The Legislature and initiative campaigns had eight measures set for the ballot, and 15 other campaigns were collecting voter signatures.
Since then, several of those measures have been pulled.
Because it’s so expensive to qualify a measure for the ballot, you’re seeing some drop out," says Democratic political consultant Robin Swanson. "You’re seeing some worked out in the Legislature before you have to spend tens of millions of dollars."
Campaigns are paying signature-gatherers roughly double the standard rate for each name they collect.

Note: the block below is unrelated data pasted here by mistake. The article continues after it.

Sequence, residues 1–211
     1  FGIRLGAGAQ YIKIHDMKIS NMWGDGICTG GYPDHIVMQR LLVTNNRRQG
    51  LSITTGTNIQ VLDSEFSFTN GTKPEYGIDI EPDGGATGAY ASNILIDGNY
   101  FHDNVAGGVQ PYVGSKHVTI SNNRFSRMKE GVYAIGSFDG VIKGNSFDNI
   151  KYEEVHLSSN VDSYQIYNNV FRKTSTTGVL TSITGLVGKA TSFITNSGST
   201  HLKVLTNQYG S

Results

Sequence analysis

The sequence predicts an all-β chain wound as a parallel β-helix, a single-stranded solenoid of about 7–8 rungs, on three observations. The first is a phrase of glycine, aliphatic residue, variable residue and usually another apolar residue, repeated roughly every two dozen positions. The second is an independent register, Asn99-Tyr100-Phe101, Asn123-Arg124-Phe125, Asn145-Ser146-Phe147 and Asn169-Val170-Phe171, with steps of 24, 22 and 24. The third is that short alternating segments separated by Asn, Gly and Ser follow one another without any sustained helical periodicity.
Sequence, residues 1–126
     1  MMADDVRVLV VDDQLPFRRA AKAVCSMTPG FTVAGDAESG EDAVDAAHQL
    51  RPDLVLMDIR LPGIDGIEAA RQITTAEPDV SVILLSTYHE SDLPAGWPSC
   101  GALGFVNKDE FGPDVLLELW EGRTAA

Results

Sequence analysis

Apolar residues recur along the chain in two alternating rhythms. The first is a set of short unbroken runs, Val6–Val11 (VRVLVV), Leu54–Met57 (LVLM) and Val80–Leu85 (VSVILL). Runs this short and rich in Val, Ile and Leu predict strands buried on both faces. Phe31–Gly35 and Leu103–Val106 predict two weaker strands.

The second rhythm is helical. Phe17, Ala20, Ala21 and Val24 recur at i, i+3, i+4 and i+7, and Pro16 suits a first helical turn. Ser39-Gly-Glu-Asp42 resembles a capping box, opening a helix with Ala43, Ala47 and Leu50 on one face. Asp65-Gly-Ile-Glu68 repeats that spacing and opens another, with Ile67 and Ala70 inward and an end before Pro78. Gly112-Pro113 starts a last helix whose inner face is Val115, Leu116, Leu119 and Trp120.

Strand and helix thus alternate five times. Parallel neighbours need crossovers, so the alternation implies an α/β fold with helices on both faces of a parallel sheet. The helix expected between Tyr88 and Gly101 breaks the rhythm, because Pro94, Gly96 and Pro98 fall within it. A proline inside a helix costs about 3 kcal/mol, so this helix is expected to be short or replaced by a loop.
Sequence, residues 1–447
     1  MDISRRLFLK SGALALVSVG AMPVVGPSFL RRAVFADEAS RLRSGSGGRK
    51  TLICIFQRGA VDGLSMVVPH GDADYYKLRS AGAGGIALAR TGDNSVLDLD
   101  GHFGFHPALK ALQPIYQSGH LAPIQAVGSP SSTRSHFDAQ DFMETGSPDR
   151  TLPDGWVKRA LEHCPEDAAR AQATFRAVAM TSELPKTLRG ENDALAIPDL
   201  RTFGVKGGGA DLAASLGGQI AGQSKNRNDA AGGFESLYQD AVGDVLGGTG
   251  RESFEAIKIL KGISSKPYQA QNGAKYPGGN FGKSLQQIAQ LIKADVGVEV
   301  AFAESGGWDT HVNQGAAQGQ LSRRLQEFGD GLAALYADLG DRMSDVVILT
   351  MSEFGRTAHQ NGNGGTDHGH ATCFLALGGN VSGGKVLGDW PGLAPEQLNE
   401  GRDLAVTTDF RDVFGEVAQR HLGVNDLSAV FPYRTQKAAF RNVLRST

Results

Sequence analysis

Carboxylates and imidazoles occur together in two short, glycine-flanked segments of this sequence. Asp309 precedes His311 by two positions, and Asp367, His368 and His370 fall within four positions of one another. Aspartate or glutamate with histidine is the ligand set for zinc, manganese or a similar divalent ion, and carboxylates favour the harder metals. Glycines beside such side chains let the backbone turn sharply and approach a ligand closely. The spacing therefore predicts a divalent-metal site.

Five measures, including property tax and campaign finance initiatives, have dropped out in the past couple of months. Unions are pulling their minimum wage initiatives after compromising on a new state law.
Some of the campaigns say they’ll try again in what they hope will be a less-crowded and less-costly 2018.
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